December 23, 2018
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Why $1 Trillion Firm Needs "Our $3 Billion" Angry New Yorkers Confront Amazon Execs at City Council Meeting

The online retail giant has said its new headquarters in New York will create 25,000 jobs for residents—a claim one protester derided as "smoke and mirrors"

by Julia Conley

After being kept in the dark about New York's $3 billion deal with Amazon, allowing the trillion-dollar corporation to build its new headquarters—complete with helicopter landing pad for CEO Jeff Bezos—in the Queens neighborhood of Long Island City, concerned New York City Council members and scores of angry New Yorkers on Wednesday angrily confronted company representatives over the plan.

At the first City Council meeting on Amazon's so-called "HQ2," about 150 protesters joined the mostly-Democratic lawmakers in slamming the closed-door process through which the city and state finalized the deal and the effect the corporation's arrival will likely have on affordable housing and community development in Queens and the entire city, as New York pours much-needed funds into the new one million square foot campus.

"You're worth a trillion dollars," New York City Council Speaker Corey Johnson said bluntly to Amazon officials Brian Huseman and Holly Sullivan. "Why do you need our $3 billion when we have crumbling subways, crumbling public housing, people without health care, public schools that are overcrowded?"

Amazon has said its arrival in New York will create 25,000 jobs for residents—a claim one protester derided as "smoke and mirrors" during the hearing—and has promised to fund a new school that would serve just 600 of the city's school children.

Huseman, Amazon's vice president for public policy, noted that 5,000 New York workers are already employed by the company at a fulfillment center on Staten Island—but as the hearing was underway those same employees were publicizing their effort tounionize, citing long hours, insufficient breaks, and safety concerns on the job.

The HQ2 deal was brokered by state and city officials including Gov. Andrew Cuomo, New York City Mayor Bill DeBlasio, and the Economic Development Corporation, headed by James Patchett. The officials bypassed public land use reviews which would have required the input of the City Council, including member Jimmy Van Bramer, who represents Long Island City's 68,000 residents.

"James, you disrespected this body with how you handled this process," Van Bramer told Patchett. "I think it's fundamentally unethical with what you have done. You should be ashamed of yourself."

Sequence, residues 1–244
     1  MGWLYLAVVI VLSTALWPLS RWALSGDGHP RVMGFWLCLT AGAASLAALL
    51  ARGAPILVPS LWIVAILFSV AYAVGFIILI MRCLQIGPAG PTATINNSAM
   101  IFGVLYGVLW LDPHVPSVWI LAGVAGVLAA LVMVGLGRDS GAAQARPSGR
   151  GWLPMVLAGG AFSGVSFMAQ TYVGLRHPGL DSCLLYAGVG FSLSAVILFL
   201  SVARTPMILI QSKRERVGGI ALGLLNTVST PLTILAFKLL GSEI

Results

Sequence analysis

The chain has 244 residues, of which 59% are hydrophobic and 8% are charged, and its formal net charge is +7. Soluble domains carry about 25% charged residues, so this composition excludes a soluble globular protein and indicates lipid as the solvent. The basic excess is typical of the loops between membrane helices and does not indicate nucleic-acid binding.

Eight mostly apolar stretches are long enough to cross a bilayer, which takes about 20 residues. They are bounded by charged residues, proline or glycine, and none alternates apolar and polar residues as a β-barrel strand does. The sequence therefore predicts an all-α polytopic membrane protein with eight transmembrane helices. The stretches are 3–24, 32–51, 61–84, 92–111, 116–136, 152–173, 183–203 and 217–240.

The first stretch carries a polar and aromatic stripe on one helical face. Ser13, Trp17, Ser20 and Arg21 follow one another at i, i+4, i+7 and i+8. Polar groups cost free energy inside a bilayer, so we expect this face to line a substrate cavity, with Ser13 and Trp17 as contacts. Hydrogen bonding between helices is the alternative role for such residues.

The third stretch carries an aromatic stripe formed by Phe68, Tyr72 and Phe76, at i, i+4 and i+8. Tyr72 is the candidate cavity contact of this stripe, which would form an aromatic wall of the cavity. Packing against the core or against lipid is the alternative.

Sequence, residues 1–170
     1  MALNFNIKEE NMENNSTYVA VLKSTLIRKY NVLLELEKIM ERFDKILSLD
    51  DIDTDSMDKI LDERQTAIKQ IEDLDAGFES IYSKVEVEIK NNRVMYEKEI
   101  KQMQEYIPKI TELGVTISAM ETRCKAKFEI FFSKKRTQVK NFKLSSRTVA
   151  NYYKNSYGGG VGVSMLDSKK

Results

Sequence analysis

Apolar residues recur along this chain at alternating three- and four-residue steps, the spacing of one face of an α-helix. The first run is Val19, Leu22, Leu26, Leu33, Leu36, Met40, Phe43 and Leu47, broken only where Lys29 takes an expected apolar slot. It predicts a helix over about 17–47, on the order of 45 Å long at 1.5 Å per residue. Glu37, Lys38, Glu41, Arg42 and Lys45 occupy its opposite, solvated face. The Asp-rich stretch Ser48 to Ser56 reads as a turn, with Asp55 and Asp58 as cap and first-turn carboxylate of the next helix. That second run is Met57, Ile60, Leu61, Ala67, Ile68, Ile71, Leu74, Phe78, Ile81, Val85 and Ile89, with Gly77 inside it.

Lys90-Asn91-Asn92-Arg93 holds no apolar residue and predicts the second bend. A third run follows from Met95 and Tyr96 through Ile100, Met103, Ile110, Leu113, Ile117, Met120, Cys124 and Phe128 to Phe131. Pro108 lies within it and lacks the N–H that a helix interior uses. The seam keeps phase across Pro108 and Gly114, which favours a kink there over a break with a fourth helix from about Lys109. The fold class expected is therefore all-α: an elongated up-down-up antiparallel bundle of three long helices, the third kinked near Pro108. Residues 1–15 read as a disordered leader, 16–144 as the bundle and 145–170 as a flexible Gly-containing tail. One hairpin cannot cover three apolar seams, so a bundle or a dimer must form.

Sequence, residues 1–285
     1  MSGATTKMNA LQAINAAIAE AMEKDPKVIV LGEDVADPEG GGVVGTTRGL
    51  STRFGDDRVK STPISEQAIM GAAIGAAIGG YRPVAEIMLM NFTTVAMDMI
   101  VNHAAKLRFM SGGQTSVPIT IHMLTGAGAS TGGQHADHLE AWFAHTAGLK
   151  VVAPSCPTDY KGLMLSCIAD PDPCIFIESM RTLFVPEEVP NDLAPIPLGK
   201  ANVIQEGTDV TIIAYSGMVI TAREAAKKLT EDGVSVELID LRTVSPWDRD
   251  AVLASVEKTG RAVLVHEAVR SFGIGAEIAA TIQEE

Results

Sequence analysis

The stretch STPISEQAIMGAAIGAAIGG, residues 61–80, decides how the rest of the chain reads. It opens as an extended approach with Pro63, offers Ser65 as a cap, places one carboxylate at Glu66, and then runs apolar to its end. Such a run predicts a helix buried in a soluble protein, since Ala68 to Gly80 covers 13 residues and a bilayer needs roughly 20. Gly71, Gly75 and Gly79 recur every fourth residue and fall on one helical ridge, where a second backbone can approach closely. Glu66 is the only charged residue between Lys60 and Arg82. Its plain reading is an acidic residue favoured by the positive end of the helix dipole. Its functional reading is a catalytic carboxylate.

The councilman also called on Amazon, whose CEO is the richest person on the planet, to simply build the headquarters with its own money and redirect the funds to public housing developments in the neighborhood.

Outside City Hall, State Assemblyman Ron T. Kim led protesters in a rally, calling the hearing a "first step" in holding Amazon accountable to the people of New York.

"Our current state, all of the hatred, all of the divisiveness that we are feeling right now on the ground—those are symptoms of a deeper problem. Of an economy that has been failing us for 40, 50 years," Kim said. "When the economy is failing we give trillions of dollars to big banks, when the economy is booming we're giving billions of dollars to mega-corporations...There's an opportunity right now to undo this. Unrig the system. This is the first step—getting clarity, transparency, and focusing on the process."

As rumors swirled last month about HQ2, just before Amazon announced that it would build one campus in New York and one in Arlington, Virginia, Kim joined former attorney general candidate Zephyr Teachout in warning against welcoming the company to New York, referencing the skyrocketing home prices and community erosion that's resulted from Amazon's presence in Seattle.

"If Amazon indeed locates a substantial part of its business in New York, serfdom is the style of 'partnership' the city should expect," Kim and Teachout wrote in a New York Times op-ed. "Despite the familiar promises, Amazon is not a good partner. Not for the cities it occupies, not for the merchants who depend on it, not for the workers it employs. The company does not seek partnership; it seeks control. Seattle's experience shows that becoming dependent on Amazon did not lead to broader wealth; it has pushed up home prices and led to increased homelessness. Amazon also threw its political weight around in the city, spending millions in a brutal campaign to resist corporate taxes in Seattle.

"It would be a special insult in New York City to sell out to a company so closely identified with squashing small merchants, stifling workers' rights, and undermining the publishing and ideas industry," they added.

Originally appeared on | Image Credit: @GoMadeIn/Twitter

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